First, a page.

The GNL was a great success and by 1943 had over 8,000 members. It continued to operate until 1971 when it changed its name to the Children’s Gift Scheme. The GNL was not a completely new initiative for The Children’s Society. A similar club, the Silver Thimble League, had been operating in the Liverpool area since 1897, and our supporters’ magazine had already been urging readers to make and donate clothing for several years when the GNL was founded.

In 1968 a branch of the GNL was established in the village of Toton near Nottingham by Mrs Eileen Hall. As well as making clothes for children at several of our residential care homes in Central England and a family centre in Nottingham, the branch organised garden parties and other fundraising events for The Children’s Society.

Every member of the GNL was issued with a membership card containing a golden needle (not made out of real gold!), and the front of Mrs Hall’s card is reproduced below (left) next to an earlier promotional leaflet from the 1940s. Underneath these items is a picture of Mrs Hall at a fundraising event in 1979 with several knitted garments made by the Toton Golden Needle League.

Mrs Hall's Golden Needle League membership card (left) and a 1940s promotional leaflet for the Golden Needle League (right)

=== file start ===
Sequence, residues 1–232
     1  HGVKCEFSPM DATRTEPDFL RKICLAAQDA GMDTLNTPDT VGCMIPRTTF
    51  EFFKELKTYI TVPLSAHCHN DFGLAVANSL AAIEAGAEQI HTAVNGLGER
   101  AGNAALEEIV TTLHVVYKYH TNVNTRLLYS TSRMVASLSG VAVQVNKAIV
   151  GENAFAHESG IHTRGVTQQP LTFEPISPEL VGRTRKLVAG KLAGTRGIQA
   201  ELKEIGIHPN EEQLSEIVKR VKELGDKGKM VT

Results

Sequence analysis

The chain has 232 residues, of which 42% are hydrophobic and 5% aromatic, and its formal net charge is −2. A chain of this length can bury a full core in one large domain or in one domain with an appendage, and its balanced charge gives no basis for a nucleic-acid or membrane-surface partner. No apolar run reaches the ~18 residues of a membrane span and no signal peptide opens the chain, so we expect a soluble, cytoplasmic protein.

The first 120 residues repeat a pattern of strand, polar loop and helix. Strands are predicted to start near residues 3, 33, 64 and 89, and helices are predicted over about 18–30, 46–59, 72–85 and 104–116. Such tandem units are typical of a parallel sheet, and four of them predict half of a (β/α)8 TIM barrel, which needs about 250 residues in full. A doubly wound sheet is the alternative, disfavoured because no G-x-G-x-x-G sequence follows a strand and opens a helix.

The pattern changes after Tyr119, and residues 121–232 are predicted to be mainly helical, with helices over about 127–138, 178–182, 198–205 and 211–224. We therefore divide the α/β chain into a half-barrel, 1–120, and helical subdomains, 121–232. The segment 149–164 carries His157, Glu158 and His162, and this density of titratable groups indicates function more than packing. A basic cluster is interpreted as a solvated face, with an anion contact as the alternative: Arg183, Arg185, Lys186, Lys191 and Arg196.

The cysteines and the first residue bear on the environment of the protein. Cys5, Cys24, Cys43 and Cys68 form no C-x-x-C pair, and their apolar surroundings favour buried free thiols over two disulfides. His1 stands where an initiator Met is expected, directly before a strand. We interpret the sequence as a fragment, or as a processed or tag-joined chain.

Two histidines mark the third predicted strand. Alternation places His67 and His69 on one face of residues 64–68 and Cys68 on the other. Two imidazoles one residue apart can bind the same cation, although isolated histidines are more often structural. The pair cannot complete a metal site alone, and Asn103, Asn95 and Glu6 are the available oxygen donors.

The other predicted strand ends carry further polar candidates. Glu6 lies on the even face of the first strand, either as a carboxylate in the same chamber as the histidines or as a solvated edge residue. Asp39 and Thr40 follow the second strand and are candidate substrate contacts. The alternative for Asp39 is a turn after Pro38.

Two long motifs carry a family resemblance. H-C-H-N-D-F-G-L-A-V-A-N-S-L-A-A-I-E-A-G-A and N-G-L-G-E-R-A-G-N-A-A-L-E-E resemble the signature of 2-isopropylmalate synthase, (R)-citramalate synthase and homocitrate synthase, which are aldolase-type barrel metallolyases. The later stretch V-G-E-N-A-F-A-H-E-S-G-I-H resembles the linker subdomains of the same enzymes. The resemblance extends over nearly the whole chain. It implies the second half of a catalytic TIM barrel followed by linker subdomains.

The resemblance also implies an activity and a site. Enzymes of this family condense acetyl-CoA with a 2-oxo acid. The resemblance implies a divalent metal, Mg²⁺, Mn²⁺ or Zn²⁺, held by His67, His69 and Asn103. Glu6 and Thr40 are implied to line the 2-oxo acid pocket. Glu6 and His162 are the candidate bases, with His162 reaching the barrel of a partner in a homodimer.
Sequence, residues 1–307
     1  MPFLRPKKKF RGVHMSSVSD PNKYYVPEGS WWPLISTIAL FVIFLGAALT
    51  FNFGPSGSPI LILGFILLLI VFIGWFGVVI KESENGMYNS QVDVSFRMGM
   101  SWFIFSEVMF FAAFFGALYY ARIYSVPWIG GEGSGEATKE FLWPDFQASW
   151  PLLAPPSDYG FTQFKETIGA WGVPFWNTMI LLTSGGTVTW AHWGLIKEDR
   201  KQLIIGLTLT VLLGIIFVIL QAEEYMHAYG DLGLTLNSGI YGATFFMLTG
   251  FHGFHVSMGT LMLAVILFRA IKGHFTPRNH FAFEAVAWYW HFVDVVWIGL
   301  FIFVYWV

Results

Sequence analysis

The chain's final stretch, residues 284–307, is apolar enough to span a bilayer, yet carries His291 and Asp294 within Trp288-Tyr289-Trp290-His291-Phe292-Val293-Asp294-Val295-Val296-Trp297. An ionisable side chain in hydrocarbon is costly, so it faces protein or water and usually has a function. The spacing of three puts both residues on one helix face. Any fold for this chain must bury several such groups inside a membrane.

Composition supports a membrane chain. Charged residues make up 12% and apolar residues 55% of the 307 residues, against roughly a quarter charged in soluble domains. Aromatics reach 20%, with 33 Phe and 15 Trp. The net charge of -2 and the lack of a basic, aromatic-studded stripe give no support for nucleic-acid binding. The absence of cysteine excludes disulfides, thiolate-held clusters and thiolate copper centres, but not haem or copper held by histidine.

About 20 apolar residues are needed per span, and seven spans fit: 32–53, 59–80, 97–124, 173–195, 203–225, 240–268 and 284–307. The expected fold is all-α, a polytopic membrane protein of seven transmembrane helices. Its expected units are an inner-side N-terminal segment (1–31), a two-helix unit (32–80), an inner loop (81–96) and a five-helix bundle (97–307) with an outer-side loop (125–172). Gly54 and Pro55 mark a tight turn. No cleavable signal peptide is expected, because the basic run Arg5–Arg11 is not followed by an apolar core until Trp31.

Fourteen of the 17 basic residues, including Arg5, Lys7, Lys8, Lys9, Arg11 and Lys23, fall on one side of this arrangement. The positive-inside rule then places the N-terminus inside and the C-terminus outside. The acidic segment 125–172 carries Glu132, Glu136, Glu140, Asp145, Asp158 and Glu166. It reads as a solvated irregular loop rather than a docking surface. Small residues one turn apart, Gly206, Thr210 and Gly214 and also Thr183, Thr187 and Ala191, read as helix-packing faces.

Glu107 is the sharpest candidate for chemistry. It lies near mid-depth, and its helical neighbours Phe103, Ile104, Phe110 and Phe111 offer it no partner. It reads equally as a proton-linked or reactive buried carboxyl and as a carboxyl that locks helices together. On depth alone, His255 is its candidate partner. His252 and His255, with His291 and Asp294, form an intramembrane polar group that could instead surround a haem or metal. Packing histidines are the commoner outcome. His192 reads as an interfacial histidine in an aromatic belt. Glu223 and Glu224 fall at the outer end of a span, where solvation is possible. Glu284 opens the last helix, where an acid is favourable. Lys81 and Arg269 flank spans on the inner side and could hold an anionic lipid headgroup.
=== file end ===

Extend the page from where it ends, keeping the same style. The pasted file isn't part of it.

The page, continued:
Photo of Mrs Hall with garments made by the Golden Needle League, 1979

Mrs Hall corresponded regularly with the homes and family centre supported by her group to ascertain what garments they required and obtain measurements for the children and young people. When the clothes were finished, she would often deliver them to the homes in person and meet the residents and staff. Below is a letter that Mrs Hall received from our Woodhouse Eaves home in 1983 thanking her for a donation of clothing and providing details of jumpers and cardigans required by the home. (Click the image for a larger version.)

Letter of thanks to Mrs Hall from the Woodhouse Eaves home, 1983

The Toton branch of the GNL continued to operate until 1993 (several years after the League had been discontinued at a national level) when it changed its name to the Toton Support Group for The Children’s Society. Mrs Hall ran the group until 2013 when she retired after an incredible 45 years of service. During this time she kept a meticulous account of the group’s activities in a series of 39 scrapbooks, which contain a wide range of material, including letters, photographs, publicity material, personal accounts of events and visits and financial records. Mrs Hall is pictured below holding the first scrapbook, which she started in 1968.

Photo of Mrs Hall with her first scrapbook

Mrs Hall has kindly donated her scrapbooks to our archive where they will be retained alongside our administrative and childcare records to help document an important part of The Children’s Society’s history – the work of our local volunteers and supporters.

If, like Mrs Hall, you hold the records of a local Golden Needle League, fundraising or supporters’ group and would like to donate them to our archive we would be delighted to hear from you. You can reach the archive sending an email to Hidden-Lives-Revealed@childrenssociety.org.uk.